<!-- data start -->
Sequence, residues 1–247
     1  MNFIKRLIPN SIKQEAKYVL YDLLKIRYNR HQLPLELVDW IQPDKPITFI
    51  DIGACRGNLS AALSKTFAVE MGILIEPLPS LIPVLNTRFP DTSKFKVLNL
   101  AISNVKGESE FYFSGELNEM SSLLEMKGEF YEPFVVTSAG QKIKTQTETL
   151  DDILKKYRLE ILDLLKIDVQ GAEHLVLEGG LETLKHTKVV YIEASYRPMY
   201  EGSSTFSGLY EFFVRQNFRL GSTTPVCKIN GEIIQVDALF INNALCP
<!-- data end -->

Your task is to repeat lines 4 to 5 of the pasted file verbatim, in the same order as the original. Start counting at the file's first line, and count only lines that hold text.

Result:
   101  AISNVKGESE FYFSGELNEM SSLLEMKGEF YEPFVVTSAG QKIKTQTETL
   151  DDILKKYRLE ILDLLKIDVQ GAEHLVLEGG LETLKHTKVV YIEASYRPMY